Jersey movie review: Gowtam Tinnanuri delivers a rewarding sports dramahttps://indianexpress.com/article/entertainment/movie-review/jersey-movie-review-nani-5684532/

Jersey movie review: Gowtam Tinnanuri delivers a rewarding sports drama

Jersey movie review: Not just drama, Jersey has enough cricketing moments to draw you to the edge of the seat. Gowtam exactly knows how much of cricket should be shown at a given point in the narration, so that the game doesn't overshadow the human drama.

  • 4.0
Jersey movie review
Jersey movie review: In an interview, Nani said that Jersey will be the best film of his career. Oh, boy, he wasn’t exaggerating at all.

Jersey movie cast: Nani, Shraddha Srinath, Sathyaraj
Jersey movie director: Gowtam Tinnanuri
Jersey movie rating: 4 stars

As a 90s kid, I could relate to the setting of Jersey. I fondly remembered an era where people enjoyed the bliss of fewer options in the market before they were spoiled by the consumerist culture. It was a time where people bought the things that they need as opposed to what they want. It was the time when people were not buying things just because it was ‘neighbour’s envy and owner’s pride’.

Jersey is set in an era, where Sachin Tendulkar’s poster on the inside door of a cupboard and an action figure made out of flimsy plastic was enough to pamper a child on his birthday. Nani (Ronit Kamra), however, begins to show signs of being influenced by the consumerist culture that was fast catching up in the country at the time. He asks his dad Arjun (Nani) to buy him a replica of the Indian jersey for his seventh birthday. Nani wants the jersey so badly because one of his teammates in the cricket coaching class owns it and flaunts it every time he goes to bat. The kid even thinks that his teammate was made the captain of the team because of the jersey.

Arjun, an undiscovered cricketing talent, knows the truth. He advises his son that his coach gave the team’s captaincy to the other kid because of his leadership ability and not because of his costume. But, he also promises that he will buy him the jersey he wants because it is his birthday. Thus begins Arjun’s second innings in his life as he strives to live up to the expectations of his son, and be the hero that his son wants him to be.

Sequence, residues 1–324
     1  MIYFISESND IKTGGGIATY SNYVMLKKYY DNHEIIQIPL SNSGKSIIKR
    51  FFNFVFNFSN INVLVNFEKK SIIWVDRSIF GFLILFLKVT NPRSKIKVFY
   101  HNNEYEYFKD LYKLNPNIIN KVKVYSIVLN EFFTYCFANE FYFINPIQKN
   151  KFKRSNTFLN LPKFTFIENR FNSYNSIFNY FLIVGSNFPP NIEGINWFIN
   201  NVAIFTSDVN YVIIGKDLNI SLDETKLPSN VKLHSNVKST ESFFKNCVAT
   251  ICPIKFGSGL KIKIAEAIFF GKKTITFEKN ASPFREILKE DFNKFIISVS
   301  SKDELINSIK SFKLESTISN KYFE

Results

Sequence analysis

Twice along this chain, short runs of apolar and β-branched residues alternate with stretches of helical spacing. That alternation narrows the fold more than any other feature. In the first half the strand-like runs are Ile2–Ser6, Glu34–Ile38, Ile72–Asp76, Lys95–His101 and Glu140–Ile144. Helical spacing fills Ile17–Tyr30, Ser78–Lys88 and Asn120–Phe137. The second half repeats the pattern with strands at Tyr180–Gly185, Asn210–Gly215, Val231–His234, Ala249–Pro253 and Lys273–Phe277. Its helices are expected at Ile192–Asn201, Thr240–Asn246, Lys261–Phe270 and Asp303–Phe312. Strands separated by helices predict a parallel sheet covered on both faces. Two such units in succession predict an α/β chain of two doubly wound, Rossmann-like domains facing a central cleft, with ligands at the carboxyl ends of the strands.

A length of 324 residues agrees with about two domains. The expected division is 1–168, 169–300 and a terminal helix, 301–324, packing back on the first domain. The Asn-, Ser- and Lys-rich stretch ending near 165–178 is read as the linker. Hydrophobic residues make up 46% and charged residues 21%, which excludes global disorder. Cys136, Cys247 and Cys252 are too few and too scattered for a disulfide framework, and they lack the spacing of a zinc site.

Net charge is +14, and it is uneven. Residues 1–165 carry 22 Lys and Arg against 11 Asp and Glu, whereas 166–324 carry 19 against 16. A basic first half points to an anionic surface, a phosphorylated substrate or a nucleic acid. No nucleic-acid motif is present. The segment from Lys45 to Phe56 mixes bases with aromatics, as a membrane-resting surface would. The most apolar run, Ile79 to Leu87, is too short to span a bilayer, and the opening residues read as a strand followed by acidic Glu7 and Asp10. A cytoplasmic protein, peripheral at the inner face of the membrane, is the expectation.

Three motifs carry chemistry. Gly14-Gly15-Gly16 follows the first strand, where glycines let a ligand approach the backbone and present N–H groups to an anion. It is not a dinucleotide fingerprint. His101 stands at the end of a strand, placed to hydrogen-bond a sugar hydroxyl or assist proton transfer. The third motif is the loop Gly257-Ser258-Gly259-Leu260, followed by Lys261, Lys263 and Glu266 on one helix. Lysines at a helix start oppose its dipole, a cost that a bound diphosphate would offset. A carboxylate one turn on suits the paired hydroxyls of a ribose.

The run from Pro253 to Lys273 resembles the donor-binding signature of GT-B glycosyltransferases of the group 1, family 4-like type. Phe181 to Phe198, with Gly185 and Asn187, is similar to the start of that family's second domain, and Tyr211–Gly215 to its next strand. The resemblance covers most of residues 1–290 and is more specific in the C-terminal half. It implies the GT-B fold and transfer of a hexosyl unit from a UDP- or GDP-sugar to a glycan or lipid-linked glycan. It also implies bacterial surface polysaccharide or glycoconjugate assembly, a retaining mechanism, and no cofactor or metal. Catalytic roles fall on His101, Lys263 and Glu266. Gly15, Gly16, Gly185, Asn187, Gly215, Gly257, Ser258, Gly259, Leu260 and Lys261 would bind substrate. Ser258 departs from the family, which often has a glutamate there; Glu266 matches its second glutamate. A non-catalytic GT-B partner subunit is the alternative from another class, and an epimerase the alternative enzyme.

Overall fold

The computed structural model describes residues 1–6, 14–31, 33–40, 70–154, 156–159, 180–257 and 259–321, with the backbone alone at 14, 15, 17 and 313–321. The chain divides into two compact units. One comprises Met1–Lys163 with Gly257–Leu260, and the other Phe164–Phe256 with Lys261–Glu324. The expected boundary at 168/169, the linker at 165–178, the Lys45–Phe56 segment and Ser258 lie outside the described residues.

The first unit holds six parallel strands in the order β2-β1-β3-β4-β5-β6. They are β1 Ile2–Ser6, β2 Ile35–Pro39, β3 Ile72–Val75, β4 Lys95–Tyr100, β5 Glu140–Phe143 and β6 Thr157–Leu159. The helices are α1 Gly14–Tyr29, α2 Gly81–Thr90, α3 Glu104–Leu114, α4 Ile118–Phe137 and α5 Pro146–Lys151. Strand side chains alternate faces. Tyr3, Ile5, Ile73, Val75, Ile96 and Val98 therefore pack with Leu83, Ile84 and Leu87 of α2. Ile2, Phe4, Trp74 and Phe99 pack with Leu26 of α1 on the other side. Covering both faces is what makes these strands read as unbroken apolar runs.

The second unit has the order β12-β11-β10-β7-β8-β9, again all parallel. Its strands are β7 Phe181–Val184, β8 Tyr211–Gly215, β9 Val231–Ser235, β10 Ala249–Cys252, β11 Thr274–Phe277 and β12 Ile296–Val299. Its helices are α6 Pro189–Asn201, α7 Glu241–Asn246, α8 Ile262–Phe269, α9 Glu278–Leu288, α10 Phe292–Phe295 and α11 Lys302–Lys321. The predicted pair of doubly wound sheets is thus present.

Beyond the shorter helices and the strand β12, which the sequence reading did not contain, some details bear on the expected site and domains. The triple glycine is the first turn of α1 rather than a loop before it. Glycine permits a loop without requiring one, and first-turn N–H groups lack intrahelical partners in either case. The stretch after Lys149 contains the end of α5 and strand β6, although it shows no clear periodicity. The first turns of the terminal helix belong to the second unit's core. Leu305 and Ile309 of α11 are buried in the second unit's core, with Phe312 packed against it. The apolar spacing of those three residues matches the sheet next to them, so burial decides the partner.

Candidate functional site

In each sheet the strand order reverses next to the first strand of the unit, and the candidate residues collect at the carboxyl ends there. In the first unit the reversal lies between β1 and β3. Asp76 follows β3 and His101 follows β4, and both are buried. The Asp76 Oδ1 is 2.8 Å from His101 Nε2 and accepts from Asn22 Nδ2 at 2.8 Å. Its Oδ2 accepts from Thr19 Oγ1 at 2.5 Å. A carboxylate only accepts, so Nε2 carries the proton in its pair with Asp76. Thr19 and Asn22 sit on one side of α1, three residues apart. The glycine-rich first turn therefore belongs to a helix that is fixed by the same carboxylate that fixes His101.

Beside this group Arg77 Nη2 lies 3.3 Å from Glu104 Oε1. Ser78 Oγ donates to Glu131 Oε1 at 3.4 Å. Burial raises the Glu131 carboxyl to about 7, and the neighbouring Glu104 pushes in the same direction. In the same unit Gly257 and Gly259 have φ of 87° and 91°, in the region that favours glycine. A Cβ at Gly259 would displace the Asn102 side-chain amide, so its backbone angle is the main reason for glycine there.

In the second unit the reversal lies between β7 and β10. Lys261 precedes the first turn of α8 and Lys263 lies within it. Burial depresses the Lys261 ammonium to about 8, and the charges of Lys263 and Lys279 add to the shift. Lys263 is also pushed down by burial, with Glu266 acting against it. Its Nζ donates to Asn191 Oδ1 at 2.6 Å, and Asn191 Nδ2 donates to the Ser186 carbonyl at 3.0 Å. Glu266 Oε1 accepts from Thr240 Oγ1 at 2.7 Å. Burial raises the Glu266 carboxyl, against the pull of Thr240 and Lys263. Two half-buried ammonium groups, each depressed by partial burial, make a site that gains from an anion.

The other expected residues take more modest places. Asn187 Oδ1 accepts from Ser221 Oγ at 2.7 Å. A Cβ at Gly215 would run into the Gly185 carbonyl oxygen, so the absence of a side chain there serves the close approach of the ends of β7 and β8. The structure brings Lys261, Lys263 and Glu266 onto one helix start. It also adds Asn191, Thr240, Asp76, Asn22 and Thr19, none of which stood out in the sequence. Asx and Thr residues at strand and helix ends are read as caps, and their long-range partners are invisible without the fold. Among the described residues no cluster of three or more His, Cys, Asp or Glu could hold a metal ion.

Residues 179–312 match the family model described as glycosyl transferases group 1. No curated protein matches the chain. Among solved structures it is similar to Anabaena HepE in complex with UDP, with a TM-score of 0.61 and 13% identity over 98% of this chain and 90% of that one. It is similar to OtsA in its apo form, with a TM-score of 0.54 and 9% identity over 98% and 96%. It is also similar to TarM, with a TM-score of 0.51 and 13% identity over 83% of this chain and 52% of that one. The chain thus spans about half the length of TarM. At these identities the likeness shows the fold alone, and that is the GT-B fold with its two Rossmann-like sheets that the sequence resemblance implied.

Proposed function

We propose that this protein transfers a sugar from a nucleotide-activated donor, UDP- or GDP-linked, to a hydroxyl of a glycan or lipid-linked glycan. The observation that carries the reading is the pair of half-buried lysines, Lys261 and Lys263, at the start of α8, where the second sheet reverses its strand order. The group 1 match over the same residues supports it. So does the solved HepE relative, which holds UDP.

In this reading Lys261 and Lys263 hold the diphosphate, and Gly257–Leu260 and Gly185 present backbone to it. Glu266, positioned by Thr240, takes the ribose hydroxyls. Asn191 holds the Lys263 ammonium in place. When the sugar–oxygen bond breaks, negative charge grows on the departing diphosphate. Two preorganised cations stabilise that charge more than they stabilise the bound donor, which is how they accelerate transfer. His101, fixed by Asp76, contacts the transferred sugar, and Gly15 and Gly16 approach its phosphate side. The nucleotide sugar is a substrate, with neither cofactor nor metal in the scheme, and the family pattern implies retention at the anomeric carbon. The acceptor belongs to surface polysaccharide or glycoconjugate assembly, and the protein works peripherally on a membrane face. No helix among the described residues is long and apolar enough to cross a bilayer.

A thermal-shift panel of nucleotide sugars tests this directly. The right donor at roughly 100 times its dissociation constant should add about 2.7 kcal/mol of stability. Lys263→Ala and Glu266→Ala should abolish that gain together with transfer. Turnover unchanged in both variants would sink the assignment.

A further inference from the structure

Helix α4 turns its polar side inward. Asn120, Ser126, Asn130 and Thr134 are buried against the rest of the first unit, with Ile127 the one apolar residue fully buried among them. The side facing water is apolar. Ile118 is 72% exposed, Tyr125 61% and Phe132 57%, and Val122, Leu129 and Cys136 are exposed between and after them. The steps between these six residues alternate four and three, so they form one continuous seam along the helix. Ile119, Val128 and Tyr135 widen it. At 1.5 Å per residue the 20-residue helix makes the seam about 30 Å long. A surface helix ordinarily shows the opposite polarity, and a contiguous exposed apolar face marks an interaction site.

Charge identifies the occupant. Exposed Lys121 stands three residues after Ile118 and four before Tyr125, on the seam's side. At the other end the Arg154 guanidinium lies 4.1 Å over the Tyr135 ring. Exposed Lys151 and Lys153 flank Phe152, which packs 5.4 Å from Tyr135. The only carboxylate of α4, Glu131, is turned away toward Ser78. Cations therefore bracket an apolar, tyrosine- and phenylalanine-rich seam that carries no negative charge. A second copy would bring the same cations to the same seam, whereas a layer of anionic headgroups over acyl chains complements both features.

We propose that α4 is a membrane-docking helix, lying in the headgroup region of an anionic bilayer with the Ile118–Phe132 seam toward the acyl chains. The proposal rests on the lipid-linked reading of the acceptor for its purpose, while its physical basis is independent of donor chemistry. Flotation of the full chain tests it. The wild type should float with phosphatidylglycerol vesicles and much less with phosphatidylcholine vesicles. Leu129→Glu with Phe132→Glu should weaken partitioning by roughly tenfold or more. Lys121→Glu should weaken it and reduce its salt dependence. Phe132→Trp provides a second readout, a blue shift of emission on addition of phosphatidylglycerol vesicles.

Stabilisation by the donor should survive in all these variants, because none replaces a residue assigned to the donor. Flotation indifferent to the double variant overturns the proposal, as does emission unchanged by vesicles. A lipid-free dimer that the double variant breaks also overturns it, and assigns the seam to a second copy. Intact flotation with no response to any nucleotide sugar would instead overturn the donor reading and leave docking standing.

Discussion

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Getting the jersey his son desires is not as easy as you may think. It costs Rs 500. And in the 90s, for a working-class family, it was a luxury to spend so much just for a piece of coloured fabric. Perhaps, Arjun could have indulged his son, only if he had a paying job. He got suspended from his job with the railways under the false allegation of bribery. His wife Sarah (Shraddha Srinath) is now managing the family by working as a receptionist at a star hotel. And, she understandably, refuses to give money to Arjun when he asks her.

Arjun is on his own now and he is determined to go to great lengths to fulfill his son’s wish. Director Gowtam Tinnanuri, who has also written this film, beautifully establishes the relationship dynamics between all three of them: Arjun, Sarah and Nani. He fills up the screen with heartwarming moments when all three make sacrifices in their own little but significant ways to support each other.

Jersey is not just the story of Arjun and his family. It is also the story of Sathyaraj’s Murthy. He is an underachiever, who has settled for a lesser deal in life. He had been a doting coach of Arjun during his formative years and he continues to support him through the latter’s trying times. Murthy sees himself in Arjun. Arjun reminds him of the opportunity that he lost when he was young. Even as Murthy knows that Arjun has quit cricket for good, he pursues him to take up the assistant coach position at the cricket club. He tells Arjun that he has the potential to become the head coach somebody, a feat that he could never achieve.

While Murthy represents an image of a classic father, who wants his ‘son’ to have a secured life with an assured pay cheque every month, Arjun, as a father, represents a new generation of parenting. Arjun wants to be a role model for his son and inspire him to achieve anything that he wants in his life. Also, unlike Murthy, Arjun doesn’t want Nani to succeed where he failed. He wants his son to be his own man and the film’s ending only adds to Gowtam Tinnanuri’s progressive narration.

Not just drama, Jersey has enough cricketing moments to draw you to the edge of the seat. Gowtam exactly knows how much of cricket should be shown at a given point in the narration, so that the game doesn’t overshadow the human drama. The majority of the first half, we just get a few scenes of Arjun showing off his batting skills. Gowtam Tinnanuri saves the best-choreographed sporting moments for the second half. I can easily say that Jersey is one of the best sports dramas of the decade.

Gowtam makes the viewing experience uplifting by highlighting the little expressions of his characters, a trick which is equivalent to a thousand words.

In an interview, Nani said that Jersey will be the best film of his career. Oh, boy, he wasn’t exaggerating at all.